Enjoyment and EntertainingAnother factor of reality based television’s increased attraction can be attributed to the individual’s affinity or enjoyment of watching this type of programming. Scholars Robin Nabi, Erica Biely, Sara Morgan, and Carmen Stitt discussed in their 2003 article: Reality-Based Television Programming and the Psychology of Its Appeal that reality shows are entertaining and people like to be entertained. Through their experiences as audience members, they feel that they are a part of the storyline being presented and therefore continue to be viewers of reality television.
Basically, people are intrigued by the characters and storylines and watch for entertainment purposes. They develop a sense of community because they have identified with the characters that are being showcased. I do not know about you, but at times I find myself so invested in a reality show’s characters and their storylines that I catch myself screaming at the television, “Girl, if you don’t tell that crazy thing about herself, sh** I will!” Or “ooh if I could just get through this TV, hell I will tell her myself!”
Yep, it is quite entertaining and I sometimes I do feel like I am a part of the storyline. For example, who remembers when Phadera Parks from the Atlanta House Maidens... oops I mean Housewives was pregnant and that crazy thing Kenya Moore used to taunt her about Apollo? One again, I WAS OUTDONE… and that is all I am going to say about that!! Moving along.
On the other hand, scholars Michael Shanahan, James Morgan and Nancy Signorielli explained in 2009, that media sources such as reality television, tend to promote stereotypical attitudes, standards and beliefs which are already existent and prevalent within society’s culture. These stereotypical depictions on reality television preserve, maintain, reinforce and transmit these beliefs amongst the members of society, thus perpetuating misguided socio-cultural ideologies.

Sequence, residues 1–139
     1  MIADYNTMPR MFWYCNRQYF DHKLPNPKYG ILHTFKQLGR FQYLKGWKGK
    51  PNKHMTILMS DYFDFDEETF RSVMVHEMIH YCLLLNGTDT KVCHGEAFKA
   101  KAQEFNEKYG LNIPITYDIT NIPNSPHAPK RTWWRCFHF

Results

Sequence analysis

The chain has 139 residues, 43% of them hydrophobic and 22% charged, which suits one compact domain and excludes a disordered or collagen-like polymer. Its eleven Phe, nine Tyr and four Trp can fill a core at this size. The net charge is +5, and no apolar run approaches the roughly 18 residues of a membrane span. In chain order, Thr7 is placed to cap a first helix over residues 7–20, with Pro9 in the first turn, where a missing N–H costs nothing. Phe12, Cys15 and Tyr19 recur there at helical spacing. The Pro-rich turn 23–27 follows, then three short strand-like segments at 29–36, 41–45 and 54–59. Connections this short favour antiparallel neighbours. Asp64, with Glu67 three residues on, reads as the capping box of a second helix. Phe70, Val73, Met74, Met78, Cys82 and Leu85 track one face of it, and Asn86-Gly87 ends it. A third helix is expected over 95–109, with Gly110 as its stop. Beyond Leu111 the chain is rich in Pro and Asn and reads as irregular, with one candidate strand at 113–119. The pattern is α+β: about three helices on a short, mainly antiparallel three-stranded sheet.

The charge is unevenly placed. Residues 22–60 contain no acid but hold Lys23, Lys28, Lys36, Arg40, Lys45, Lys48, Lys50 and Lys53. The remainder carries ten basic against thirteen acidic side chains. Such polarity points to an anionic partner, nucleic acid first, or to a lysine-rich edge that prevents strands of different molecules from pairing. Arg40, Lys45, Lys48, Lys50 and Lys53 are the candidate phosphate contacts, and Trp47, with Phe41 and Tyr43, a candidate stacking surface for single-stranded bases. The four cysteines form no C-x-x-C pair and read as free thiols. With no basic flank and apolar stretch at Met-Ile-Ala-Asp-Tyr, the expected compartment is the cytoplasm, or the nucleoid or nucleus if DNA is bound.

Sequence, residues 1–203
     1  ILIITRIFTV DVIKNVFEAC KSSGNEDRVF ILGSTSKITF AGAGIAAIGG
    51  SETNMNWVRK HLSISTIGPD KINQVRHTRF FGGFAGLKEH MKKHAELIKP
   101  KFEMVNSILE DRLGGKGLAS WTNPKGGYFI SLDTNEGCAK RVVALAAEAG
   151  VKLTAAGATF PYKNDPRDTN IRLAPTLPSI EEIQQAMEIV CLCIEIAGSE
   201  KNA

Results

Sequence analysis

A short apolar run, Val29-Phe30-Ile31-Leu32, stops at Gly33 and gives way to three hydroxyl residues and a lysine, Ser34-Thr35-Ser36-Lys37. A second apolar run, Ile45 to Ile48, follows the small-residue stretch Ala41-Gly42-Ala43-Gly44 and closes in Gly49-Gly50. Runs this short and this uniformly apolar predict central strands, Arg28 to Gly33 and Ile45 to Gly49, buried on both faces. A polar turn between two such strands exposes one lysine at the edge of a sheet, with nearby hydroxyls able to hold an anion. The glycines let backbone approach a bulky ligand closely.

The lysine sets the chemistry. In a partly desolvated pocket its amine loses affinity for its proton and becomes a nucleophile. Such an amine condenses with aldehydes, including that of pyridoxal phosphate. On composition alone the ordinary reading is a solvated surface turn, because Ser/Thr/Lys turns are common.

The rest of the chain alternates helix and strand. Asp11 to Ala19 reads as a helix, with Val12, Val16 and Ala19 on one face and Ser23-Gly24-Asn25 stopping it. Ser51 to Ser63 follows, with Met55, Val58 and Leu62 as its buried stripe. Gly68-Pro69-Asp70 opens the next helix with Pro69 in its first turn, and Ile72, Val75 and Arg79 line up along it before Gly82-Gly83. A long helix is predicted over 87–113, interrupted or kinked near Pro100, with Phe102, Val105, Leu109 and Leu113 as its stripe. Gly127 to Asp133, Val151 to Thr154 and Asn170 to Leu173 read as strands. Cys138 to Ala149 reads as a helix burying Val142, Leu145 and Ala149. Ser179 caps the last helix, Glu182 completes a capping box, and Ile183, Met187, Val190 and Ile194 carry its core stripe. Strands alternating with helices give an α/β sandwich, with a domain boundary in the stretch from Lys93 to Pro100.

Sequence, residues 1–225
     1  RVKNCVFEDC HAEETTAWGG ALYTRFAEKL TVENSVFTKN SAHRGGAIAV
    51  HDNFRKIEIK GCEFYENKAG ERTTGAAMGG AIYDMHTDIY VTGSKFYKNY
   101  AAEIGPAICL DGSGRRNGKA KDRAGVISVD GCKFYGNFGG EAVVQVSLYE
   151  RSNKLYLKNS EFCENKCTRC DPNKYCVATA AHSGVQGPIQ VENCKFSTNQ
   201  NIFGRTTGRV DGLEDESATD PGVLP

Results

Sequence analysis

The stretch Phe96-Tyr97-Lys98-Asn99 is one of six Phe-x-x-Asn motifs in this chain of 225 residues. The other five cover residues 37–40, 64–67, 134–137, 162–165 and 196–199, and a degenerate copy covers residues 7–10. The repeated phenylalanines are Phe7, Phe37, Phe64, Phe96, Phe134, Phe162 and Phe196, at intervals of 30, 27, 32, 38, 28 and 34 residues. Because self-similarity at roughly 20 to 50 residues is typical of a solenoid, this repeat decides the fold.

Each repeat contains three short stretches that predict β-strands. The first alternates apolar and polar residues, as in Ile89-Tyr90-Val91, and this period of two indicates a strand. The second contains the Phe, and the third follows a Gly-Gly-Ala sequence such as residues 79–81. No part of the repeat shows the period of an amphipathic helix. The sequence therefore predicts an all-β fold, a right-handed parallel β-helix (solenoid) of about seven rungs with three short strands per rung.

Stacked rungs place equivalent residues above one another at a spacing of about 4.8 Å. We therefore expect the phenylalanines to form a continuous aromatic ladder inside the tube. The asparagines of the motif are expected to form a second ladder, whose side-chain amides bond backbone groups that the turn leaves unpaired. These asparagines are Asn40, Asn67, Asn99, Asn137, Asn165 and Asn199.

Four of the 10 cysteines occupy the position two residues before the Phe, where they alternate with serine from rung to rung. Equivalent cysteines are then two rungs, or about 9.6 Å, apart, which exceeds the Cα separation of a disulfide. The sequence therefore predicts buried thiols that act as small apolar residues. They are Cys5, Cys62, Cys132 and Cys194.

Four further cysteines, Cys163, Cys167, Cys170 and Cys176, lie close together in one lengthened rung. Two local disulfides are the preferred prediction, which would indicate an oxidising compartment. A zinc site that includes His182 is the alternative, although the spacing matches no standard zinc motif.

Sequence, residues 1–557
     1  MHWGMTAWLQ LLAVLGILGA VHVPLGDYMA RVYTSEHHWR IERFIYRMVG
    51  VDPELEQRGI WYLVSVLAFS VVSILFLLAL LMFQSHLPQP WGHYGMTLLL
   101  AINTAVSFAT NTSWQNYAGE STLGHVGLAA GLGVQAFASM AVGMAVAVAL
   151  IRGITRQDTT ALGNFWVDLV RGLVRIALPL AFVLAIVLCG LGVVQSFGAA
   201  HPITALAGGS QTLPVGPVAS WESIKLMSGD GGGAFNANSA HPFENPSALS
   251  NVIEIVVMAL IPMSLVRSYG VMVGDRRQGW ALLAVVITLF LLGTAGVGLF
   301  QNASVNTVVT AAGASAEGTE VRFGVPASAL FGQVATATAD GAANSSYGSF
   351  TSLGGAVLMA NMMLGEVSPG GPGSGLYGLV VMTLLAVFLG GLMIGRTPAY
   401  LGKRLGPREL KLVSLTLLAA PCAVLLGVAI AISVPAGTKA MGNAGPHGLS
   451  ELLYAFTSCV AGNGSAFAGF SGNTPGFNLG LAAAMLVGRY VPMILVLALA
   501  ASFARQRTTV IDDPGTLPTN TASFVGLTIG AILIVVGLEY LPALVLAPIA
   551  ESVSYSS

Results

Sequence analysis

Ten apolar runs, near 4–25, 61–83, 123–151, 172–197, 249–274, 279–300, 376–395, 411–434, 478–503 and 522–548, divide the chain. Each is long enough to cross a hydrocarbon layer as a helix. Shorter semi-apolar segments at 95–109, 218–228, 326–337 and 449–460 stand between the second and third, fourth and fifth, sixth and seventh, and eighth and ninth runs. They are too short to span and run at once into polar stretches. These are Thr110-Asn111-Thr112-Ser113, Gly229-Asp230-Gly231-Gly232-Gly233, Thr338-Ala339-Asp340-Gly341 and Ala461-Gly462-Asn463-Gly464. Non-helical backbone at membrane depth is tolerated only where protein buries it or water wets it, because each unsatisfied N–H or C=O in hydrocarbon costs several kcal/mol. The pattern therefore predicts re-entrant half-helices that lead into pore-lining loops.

Yes, we all know that media sources play a significant role in creating, maintaining and reinforcing our culture and societal norms that are continuously represented in everyday television programs, films, commercials and other advertisements (e.g., internet, magazines and billboards). Also, we know that some of these influences' depictions can be overly stereotypical and promotes a hidden agenda.
However, as viewers of media sources, such as reality television, we must be an active, conscious and knowledgeable participant by realizing that these shows are fun to watch at times, but they do not actively showcase Black female life. So as enthusiastic viewers of some type of reality television program that showcases a predominantly all-Black female casts, let us remember that that this is only reality television and not our reality... or at least not mine!
ReferencesHartman, C. (2013). Why do people enjoy watching reality TV — especially given that it's often fake? Retrieved from: https://www.quora.com/Why-do-people-enjoy-watching-reality- TV-%E2%80%94-especially-given-that-its-often-fake?redirected_qid=1682358#!n=12.
Morgan, M., Shanahan, J., & Signorielli, N. (2009). Media effects: Advances in theory and research (3rd ed.). New York, NY: Routledge.
Nabi, R. L., Biely, E. N., Morgan, S. J., & Stitt, C. R. (2003). Reality-based television programming and the psychology of its appeal. Media Psychology, 5, 303-330. doi:10.1207/S1532785XMEP0504_01.